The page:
Inspiration is in everything. Yet I think you're pointing at 'musicianship' which in my book covers a whole range of things. One of them being able to play a 'real' instrument.
I find the 'inspiration' of lying on your couch with a guitar at hand, your mind 'elsewhere', your fingers just picking away way more direct than consciously sitting behind my PC trying out things since the latter requires my mind to be 'present'.
I think this is the big difference.
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I think what the OP may have been trying to get at, in my interpretation, was that "live playing" a "traditional" instrument allows ideas to flow quicker and easier than using a mouse to draw notes on a piano roll which can be awkward and take longer. Much like using a mouse to draw a picture on a program like Photoshop or Paint is much more awkward than doing it with a real pencil on real paper.
I downloaded an app on my phone called Walkband, which is a piano/guitar/drum pad simulator. It's nice to sometimes just open that and play on the piano and out comes a melody. Happens much quicker for me than staring at a piano roll.
Got the Triple Play a couple months ago and it's response is just as good, in some cases better than the keyboard. I don't even route it through their vst or do the recommended separating out each string to it's own track. Just turn it on, arm the track and fly. Sometimes I do have to adjust the buffer and my system can handle more than average.
Anyway, it makes relating to whatever instrument is armed different but I don't know that it makes for 'more intimate' (?) because my roots are in playing guitar so of course it would feel better for me.
Music usually happens in my head first so it's not really a problem for me. Jamming on a guitar is a completely different feeling of course but when you space out and improvise like that you actually tend to do what you already know best. Experimenting new things on the guitar requires just as much focus and brainiac, er, -ness.
I wonder if making music with a guitar is much more close to inspiration than introducing notes in a piano roll.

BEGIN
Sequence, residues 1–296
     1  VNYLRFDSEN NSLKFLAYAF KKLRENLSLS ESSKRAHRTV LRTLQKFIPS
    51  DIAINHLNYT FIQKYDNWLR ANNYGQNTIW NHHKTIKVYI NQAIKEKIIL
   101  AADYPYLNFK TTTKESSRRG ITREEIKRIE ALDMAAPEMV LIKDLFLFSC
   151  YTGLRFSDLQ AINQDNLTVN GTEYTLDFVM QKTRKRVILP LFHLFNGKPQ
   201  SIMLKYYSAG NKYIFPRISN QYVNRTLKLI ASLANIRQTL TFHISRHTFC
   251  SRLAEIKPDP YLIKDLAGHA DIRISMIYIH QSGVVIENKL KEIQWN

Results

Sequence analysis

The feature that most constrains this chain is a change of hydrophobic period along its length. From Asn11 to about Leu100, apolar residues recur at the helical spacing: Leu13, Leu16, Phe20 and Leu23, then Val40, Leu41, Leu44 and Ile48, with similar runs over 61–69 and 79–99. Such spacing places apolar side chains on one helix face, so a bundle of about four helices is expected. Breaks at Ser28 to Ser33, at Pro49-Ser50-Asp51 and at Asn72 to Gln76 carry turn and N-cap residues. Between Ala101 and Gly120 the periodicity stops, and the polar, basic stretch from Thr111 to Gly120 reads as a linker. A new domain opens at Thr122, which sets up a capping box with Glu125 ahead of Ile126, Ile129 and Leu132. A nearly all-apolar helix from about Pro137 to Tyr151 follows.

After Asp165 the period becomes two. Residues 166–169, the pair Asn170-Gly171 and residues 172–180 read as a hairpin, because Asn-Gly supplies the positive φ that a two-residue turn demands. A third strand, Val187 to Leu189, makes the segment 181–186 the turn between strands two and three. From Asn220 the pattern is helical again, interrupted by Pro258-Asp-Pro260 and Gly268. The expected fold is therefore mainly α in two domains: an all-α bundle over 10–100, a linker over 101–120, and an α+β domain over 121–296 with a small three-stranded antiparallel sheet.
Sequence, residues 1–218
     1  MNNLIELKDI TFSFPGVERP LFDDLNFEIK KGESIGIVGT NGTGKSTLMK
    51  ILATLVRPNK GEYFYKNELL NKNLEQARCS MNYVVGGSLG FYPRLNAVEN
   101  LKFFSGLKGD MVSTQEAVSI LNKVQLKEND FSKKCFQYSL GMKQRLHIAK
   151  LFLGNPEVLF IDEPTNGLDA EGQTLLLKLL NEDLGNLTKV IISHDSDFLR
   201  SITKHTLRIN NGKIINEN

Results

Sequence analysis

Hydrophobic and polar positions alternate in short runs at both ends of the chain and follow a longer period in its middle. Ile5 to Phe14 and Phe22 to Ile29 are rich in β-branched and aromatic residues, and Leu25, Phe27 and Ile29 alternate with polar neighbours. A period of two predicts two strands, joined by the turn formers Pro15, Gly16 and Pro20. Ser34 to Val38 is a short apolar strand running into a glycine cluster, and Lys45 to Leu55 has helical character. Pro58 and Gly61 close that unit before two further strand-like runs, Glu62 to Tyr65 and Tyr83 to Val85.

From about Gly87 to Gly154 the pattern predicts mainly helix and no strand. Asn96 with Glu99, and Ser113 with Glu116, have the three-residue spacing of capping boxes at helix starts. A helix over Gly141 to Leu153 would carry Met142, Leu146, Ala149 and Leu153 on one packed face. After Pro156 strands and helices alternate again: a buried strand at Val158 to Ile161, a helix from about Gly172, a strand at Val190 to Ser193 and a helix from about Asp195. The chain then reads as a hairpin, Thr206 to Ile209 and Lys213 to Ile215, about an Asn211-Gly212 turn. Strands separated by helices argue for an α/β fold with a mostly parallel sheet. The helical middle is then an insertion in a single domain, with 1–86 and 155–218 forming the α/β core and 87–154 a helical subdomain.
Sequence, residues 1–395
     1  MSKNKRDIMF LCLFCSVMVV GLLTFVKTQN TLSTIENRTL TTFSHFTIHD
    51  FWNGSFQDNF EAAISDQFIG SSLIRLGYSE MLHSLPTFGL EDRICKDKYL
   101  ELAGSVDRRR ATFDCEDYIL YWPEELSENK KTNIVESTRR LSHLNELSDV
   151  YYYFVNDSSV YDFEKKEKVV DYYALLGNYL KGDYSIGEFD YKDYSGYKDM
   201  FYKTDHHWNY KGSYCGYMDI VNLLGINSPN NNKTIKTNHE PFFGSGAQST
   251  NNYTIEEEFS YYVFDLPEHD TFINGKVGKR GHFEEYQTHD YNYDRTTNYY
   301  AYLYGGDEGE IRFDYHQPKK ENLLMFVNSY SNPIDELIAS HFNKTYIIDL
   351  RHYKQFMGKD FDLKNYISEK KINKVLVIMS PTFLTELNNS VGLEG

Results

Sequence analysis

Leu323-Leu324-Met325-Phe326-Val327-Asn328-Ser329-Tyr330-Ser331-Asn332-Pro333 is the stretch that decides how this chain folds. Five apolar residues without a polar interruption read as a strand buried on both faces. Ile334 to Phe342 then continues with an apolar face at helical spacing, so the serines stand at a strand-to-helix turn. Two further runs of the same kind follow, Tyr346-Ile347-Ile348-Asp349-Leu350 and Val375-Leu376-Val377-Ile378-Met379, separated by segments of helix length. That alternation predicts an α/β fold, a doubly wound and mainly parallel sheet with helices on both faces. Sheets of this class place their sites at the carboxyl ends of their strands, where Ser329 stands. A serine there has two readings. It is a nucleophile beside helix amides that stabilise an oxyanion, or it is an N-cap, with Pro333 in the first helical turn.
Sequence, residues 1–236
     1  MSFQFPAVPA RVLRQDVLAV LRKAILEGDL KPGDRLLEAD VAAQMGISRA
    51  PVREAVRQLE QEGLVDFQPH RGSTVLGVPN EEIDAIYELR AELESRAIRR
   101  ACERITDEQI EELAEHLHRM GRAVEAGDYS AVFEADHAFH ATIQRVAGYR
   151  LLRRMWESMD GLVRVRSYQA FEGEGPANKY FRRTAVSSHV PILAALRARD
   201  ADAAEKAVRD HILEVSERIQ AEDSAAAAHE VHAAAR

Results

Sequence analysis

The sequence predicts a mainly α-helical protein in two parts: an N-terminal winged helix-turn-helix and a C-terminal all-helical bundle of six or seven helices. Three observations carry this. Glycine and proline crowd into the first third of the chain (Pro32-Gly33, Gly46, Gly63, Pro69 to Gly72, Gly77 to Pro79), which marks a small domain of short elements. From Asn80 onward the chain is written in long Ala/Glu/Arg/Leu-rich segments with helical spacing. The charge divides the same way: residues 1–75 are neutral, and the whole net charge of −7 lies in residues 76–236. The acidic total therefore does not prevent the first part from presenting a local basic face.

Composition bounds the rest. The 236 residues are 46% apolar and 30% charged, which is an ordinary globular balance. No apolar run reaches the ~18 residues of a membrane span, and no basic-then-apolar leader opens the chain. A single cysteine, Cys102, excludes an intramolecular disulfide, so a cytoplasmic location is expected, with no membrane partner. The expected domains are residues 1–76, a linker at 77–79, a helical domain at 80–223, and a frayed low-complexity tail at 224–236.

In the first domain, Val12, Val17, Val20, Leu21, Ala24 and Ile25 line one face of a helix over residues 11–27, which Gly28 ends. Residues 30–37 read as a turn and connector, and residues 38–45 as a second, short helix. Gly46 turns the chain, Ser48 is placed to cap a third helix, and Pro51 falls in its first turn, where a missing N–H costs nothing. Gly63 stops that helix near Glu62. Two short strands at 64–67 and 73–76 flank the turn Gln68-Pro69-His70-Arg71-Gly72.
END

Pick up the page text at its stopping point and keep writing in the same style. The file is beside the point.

If the person making music is more comfortable with playing guitar than using a computer, then, yeah, I guess it would be closer. But if they had never played guitar before, and they were used to using computers, then I think they would be much more comfortable with a piano roll.
Universally, I think it would be easier for anyone to learn how a piano roll works, than learn to play the guitar. But deciding which one would end up being closest to "inspiration" after days/months/years of practice depends on the person making the noise - what their preference is.
Inspiration is not affected by the tools you use. Your ability to take that inspiration and turn it into a product or a piece of art is. The more comfortable with your tools you are, the easier it is to translate your thoughts into the canvas, so to say. Of course all tools have limitations: Oil on wood does not have 'undo', photoshop doesn't work in 3D. You can't play chords on a piccolo flute, and you can't do vibrato on a grand piano. Or well, you can if you open it and manually tuck the strings.
Sometimes these limitations a particular medium has can inspire you, having to work around something to come up with alternative solution. This is mostly useful if your work is getting stale as you resort to the same solutions each time. Reatrictions breed creativity. New and different paradigms force a change in the mindset and forge different results.
The key is to get comfortable with the tools you have, and choose ones that suit you to begin with. This means not only your instruments, but the notation systems and musical forms as well. Guitar most likely feels more immediate to you because you are more comfortable with it than with your DAW.
Expressivity is another thing altogether. Different instruments allow for different forms of expression, and some certainly are more immediate than others. A DAW without a controller is pretty low on the immediacy scale. Guitar can be quite high. A MIDI keyboard with polyphonic aftertouch hooked in to a good softsynth as well. Continuum Fingerboard or the Linnstrument? Quite high.
For me, a textbook example of flawlessly integrating Guitar into electronic Music would be The Campfire Headphase by Boards of Canada, particularly the track 'Chromakey Dreamcoat'. The guitar isn't particularly complex but it melts nicely into the rest of the song.
The tools I'm stuck with are GarageBand and Audacity, and I play the odd bit of guitar over my stuff. Sure I could try and wrap my head around Ableton or Cubase. But I've gotten really good at GarageBand, despite its awfulness. Its limitations forced me to extensively explore the small amount of features it has, and I've developed a fairly unique, if somewhat Lo-Fi sound from that. So yeah. I think both comfort and adversity are the key to making Good music.